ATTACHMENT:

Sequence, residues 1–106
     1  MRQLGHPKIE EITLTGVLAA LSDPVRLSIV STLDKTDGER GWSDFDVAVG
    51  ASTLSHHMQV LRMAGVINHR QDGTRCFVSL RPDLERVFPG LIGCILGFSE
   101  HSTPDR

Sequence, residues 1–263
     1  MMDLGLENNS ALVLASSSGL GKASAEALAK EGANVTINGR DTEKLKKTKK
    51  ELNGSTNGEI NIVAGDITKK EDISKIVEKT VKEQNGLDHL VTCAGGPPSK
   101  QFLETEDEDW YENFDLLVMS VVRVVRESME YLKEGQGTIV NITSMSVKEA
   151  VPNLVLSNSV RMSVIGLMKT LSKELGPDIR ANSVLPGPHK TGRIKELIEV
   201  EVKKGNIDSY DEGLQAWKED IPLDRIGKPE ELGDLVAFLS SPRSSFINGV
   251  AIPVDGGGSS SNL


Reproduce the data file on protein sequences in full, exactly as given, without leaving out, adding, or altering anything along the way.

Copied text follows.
Sequence, residues 1–106
     1  MRQLGHPKIE EITLTGVLAA LSDPVRLSIV STLDKTDGER GWSDFDVAVG
    51  ASTLSHHMQV LRMAGVINHR QDGTRCFVSL RPDLERVFPG LIGCILGFSE
   101  HSTPDR

Sequence, residues 1–263
     1  MMDLGLENNS ALVLASSSGL GKASAEALAK EGANVTINGR DTEKLKKTKK
    51  ELNGSTNGEI NIVAGDITKK EDISKIVEKT VKEQNGLDHL VTCAGGPPSK
   101  QFLETEDEDW YENFDLLVMS VVRVVRESME YLKEGQGTIV NITSMSVKEA
   151  VPNLVLSNSV RMSVIGLMKT LSKELGPDIR ANSVLPGPHK TGRIKELIEV
   201  EVKKGNIDSY DEGLQAWKED IPLDRIGKPE ELGDLVAFLS SPRSSFINGV
   251  AIPVDGGGSS SNL